Germany’s coalition government is facing another split over whether to pursue fracking.
Finance Minister Christian Lindner has called for the country to face the energy crisis “free of ideology” by drilling for shale gas at home.
But Green party MPs oppose the idea on the grounds it would increase fossil fuel production and lead to water pollution.
It is the latest problem to put the parties in Chancellor Olaf Scholz’s coalition at odds over the energy crisis.
Mr Scholz ended a weeks-long feud between the Greens and Mr Lindner's liberals by ordering three nuclear plants to stay on the grid until April.
The fracking issue has now reared its head after Mr Lindner called for a ban on shale gas drilling to be lifted.
“In Germany, we have considerable gas deposits that could be extracted without endangering drinking water,” he said.
“It would not be responsible to pass up on fracking because of ideological commitments.”
Its natural gas supplies have been squeezed by Russian cuts and the public have been urged to cut their energy use this winter.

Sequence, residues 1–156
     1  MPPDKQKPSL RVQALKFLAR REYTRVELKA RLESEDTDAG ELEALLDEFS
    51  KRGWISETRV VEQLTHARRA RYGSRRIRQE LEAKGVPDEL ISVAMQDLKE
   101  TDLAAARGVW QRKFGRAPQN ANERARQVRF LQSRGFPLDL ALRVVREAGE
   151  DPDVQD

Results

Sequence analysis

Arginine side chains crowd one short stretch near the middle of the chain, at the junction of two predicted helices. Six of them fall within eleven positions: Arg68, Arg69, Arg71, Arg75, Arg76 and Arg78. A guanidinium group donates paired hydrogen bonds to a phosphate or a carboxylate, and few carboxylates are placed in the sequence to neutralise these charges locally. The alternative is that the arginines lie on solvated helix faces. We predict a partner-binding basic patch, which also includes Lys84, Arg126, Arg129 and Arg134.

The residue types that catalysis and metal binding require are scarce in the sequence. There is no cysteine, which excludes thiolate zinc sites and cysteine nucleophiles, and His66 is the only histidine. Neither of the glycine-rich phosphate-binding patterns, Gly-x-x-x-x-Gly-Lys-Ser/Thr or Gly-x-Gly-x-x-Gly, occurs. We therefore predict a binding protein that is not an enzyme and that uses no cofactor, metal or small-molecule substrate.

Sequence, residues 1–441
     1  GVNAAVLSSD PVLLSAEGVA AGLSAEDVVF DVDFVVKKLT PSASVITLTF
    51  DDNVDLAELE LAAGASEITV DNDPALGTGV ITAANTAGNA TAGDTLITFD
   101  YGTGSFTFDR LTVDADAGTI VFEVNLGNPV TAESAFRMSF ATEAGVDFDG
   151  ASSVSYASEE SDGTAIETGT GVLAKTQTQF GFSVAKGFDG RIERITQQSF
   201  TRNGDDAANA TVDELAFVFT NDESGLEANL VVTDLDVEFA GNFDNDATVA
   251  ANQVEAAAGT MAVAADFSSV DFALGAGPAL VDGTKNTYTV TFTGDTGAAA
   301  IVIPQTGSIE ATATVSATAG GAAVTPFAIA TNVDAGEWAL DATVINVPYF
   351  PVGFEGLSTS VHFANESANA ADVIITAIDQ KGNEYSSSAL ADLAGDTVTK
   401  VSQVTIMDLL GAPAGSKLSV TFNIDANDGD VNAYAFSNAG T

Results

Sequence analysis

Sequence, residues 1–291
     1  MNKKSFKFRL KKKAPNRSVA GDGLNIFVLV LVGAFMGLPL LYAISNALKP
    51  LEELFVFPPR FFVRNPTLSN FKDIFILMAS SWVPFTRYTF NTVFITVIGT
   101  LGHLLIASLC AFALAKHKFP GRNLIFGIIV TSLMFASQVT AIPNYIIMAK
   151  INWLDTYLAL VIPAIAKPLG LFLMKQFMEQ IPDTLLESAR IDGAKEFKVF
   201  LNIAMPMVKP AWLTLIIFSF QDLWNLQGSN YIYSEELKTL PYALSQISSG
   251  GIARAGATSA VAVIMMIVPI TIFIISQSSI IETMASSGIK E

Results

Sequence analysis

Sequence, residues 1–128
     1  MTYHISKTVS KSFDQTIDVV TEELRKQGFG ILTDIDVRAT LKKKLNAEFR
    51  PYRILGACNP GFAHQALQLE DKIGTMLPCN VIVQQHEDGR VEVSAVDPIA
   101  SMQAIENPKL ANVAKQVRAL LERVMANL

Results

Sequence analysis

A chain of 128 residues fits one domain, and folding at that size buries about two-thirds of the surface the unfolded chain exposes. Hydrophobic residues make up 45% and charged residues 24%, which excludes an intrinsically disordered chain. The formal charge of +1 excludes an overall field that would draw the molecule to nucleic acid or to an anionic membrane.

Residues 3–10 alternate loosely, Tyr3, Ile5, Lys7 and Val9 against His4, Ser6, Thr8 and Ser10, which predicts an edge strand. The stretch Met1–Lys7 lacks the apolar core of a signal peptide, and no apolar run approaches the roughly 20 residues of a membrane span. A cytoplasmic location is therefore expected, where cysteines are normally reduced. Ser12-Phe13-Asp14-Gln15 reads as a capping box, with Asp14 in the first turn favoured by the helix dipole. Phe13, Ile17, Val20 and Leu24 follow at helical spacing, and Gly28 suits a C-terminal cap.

A report in July said it would take years to begin extracting shale gas, but did not argue against the practice.
But Green MPs have rejected Mr Lindner’s initiative.
“Fracking is a very daft idea,” said Kathrin Henneberger, a Green MP elected last year.
“It endangers our already struggling groundwater, means more of the same with fossil fuels and so worsens the climate crisis.”
Nina Scheer, an MP from Mr Scholz’s Social Democrats, said fracking would deprive renewable energy projects of financing.
Germany wants to cut emissions by expanding its use of wind and solar energy and promoting the use of public transport.
But it has made some moves to increase natural gas imports, most notably building terminals for liquefied gas on its northern coast.
Some of the gas imported to Germany through that route could come from fracking in the US.
Fracking was banned in Germany in 2017, except for four exploratory boreholes to assess the environmental effects.
The UK last month moved to restart fracking after fears of earthquakes led to drilling being stopped in 2019.
But new Prime Minister Rishi Sunak last week indicated he would change course and reinstate the fracking ban.
France passed a law in 2011 banning fracking on its territory.